I hope you are all doing well. Our present situation in a covid-19 world calls for great patience, understanding and special care for one another. It is not a time to take on an every-man-for-himself perspective. We are all in this together.
One word that keeps popping up in the reading that I have been doing is prudence. The great need for this virtue was mentioned by Pope Francis in the words I quoted last week. Prudence is one of the four cardinal virtues. (See last week’s Catholic Trivia that I put in the newsletter for the other three cardinal virtues.) The Catechism of the Catholic Church defines prudence as “the virtue that disposespracticalreason to discern our truegood in every circumstance and to choose the rightmeans of achieving it…” (CCC 1806)
In other words, this virtue is about making the morally correct decisions in particular circumstances. It involves the use of reason (not kneejerk or impulsive decisions) to inform our choices. It leads individuals and society at large to choose the right means of achieving the desired end.
The Catechism goes on to say that prudence guides the judgment of conscience. In that sense, prudence has everything to do with discernment and moral decision making. In the present circumstances of a deadly virus that is here to stay, the exercise of prudence is necessary on the individual as well as societal level.
I came across an editorial in a recent issue of The Tablet, an international Catholic journal (founded in 1840), based in the UK. Some of the things described apply more specifically to the UK, but I think the message is clear. Prudence is key.
Among Catholics, May is most well-known as “Mary’s Month,” a specific month of the year when special devotions are performed in honor of the Blessed Virgin Mary.
There are many different factors that contributed to this association. First of all, in ancient Greece and Rome the month of May was dedicated to pagan goddesses connected to fertility and springtime (Artemis and Flora, respectively). This, combined with other European rituals commemorating the new season of spring, led many Western cultures to view May as a month of life and motherhood. This was long before “Mother’s Day” was ever conceived, though the modern celebration is closely related to this innate desire to honor maternity during the spring months.
In the early Church there is evidence of a major feast of the Blessed Virgin Mary celebrated on the 15th of May each year, but it wasn’t until the 18th century that May received a particular association with the Virgin Mary. According to the Catholic Encyclopedia,“ The May devotion in its present form originated at Rome where Father Latomia of the Roman College of the Society of Jesus, to counteract infidelity and immorality among the students, made a vow at the end of the eighteenth century to devote the month of May to Mary. From Rome the practice spread to the other Jesuit colleges and thence to nearly every Catholic church of the Latin rite.”
Dedicating an entire month to Mary wasn’t a new tradition, as there existed a prior tradition of devoting 30 days to Mary called Tricesimum, which was also known as “Lady Month.”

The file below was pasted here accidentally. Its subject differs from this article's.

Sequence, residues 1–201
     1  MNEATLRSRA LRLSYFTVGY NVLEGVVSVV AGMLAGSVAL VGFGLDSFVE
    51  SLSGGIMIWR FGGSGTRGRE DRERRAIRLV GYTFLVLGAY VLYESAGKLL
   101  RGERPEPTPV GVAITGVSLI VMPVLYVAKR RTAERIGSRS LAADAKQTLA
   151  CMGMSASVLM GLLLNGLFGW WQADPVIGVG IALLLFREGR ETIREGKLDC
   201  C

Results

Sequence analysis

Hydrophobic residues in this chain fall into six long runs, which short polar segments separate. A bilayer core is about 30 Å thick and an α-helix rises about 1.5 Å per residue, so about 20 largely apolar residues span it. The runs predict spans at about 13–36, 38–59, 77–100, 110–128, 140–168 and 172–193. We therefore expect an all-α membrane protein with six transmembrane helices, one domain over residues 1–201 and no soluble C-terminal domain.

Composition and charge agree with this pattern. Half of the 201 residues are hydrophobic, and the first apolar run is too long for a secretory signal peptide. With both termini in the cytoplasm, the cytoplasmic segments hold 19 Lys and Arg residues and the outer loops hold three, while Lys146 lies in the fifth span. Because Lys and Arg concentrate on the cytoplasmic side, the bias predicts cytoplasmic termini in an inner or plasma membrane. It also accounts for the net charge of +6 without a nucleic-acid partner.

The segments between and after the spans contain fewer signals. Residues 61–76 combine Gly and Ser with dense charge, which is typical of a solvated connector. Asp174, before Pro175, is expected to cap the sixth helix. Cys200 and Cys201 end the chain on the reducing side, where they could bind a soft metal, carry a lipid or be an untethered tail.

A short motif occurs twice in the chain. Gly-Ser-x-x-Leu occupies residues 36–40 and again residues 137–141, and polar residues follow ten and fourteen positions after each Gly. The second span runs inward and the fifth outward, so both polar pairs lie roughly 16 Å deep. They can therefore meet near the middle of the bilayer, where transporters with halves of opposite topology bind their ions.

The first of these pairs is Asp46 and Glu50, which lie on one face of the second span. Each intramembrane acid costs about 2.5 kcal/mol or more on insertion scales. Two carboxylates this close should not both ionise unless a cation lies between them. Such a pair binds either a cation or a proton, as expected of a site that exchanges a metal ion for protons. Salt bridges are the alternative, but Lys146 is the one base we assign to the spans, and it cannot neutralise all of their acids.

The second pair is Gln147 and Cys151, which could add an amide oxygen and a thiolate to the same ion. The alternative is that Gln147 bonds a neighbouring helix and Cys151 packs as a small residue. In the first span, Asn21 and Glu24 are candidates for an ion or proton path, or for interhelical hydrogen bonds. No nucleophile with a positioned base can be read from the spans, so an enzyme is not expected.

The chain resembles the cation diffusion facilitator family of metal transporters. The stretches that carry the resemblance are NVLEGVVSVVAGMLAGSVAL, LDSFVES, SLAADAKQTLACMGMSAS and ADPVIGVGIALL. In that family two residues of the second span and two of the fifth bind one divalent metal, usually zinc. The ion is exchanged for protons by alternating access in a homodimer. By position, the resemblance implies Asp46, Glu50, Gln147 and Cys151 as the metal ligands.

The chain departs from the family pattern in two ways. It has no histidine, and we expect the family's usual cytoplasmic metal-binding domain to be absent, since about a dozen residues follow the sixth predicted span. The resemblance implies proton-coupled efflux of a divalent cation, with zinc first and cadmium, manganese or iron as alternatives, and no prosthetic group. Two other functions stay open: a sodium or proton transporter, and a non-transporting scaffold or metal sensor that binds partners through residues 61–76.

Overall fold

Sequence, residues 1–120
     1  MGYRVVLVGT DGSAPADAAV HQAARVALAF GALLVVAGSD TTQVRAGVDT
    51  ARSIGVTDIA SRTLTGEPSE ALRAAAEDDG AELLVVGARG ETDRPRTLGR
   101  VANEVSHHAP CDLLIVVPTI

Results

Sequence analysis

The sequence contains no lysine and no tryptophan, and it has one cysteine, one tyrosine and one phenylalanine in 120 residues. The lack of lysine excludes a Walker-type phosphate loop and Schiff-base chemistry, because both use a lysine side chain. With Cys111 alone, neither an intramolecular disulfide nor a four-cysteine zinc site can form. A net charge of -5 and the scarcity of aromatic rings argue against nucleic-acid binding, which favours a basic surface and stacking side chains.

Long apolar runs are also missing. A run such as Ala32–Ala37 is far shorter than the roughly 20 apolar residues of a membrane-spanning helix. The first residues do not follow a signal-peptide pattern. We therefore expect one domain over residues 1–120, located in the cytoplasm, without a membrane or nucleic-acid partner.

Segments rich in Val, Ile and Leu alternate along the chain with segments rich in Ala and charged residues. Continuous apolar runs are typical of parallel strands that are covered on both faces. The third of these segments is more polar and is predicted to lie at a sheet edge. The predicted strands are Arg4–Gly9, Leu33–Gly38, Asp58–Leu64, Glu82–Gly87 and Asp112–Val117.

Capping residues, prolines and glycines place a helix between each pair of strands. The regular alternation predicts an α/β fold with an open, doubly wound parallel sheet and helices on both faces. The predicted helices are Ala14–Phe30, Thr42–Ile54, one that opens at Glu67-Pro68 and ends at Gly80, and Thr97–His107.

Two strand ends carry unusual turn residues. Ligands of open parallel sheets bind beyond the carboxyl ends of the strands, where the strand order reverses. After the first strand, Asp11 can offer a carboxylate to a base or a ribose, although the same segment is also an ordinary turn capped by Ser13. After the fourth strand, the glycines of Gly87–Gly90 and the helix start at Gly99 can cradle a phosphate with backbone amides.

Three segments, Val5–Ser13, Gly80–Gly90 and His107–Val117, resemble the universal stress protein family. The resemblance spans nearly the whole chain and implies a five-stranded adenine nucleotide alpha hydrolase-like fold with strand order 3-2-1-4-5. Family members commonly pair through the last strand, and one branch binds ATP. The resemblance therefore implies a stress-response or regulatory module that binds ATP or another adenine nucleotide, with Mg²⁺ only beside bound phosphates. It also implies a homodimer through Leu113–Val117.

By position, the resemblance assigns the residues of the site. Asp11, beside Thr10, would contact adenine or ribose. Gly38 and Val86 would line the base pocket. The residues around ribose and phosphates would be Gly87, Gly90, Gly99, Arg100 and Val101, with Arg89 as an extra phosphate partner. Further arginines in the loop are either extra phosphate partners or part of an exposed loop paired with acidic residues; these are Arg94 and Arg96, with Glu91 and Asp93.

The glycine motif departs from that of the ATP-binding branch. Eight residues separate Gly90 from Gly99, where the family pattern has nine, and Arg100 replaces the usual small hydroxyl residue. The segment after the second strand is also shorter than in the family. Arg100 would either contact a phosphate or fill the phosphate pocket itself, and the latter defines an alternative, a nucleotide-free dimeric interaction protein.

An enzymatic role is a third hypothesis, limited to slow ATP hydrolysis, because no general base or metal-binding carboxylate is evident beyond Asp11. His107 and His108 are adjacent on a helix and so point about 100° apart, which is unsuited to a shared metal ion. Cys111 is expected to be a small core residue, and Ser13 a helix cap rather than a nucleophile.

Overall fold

Various private devotions to Mary quickly became widespread during the month of May, as it is recorded in the Raccolta, a publication of prayers published in the mid-19th century.
In 1945, Pope Pius XII solidified May as a Marian month after establishing the feast of the Queenship of Mary on May 31. After the Second Vatican Council, this feast was moved to August 22, while May 31 became the feast of the Visitation of Mary.
The month of May is one rich in tradition and a beautiful time of the year to honor our heavenly mother.
Mothers Mass Intentions
During the month of May, we will be remembering the intentions of mothers, living and deceased, in our recorded Masses. Usually we have envelopes available in the church on which the names of any mothers are written. Unfortunately, we cannot make envelopes available this year.
However, if you would like to have a special remembrance in our Masses for any mothers, please send us an ordinary envelope with a piece of paper with the names of the mothers as well as an offering of any amount. Mail this to the church address. These papers will be placed on the altar for the remainder of the month of May.
Al identificarse a sí mismo como "el buen pastor", Jesús aludió a lo que el Antiguo Testamento entendía de Dios como el pastor de su pueblo, Israel. Dios algunas veces nombró líderes para pastorear a su pueblo en su nombre como Josué o David. Sin embargo, la intención siempre fue que Dios mismo pastoreara a su pueblo. Aquí Jesús, como Dios encarnado, revela cómo sucederá esto. Jesús es el "único pastor" que cuida al "único rebaño", que es la Iglesia. Él conoce a sus ovejas íntimamente y ellas lo conocen a él. Como buen pastor, no abandonará a su rebaño. Más bien, Jesús está dispuesto a morir para proteger a sus ovejas. De hecho, Jesús murió en la cruz por su rebaño. Él dio su vida para que nosotros, sus ovejas, podamos vivir. Pero incluso en la muerte, Jesús no nos abandonó. Él todavía está con nosotros (sus ovejas) como nuestro buen pastor, llevándonos a donde necesitamos estar. Por lo tanto, sigamos a nuestro buen pastor donde sea que nos lleve.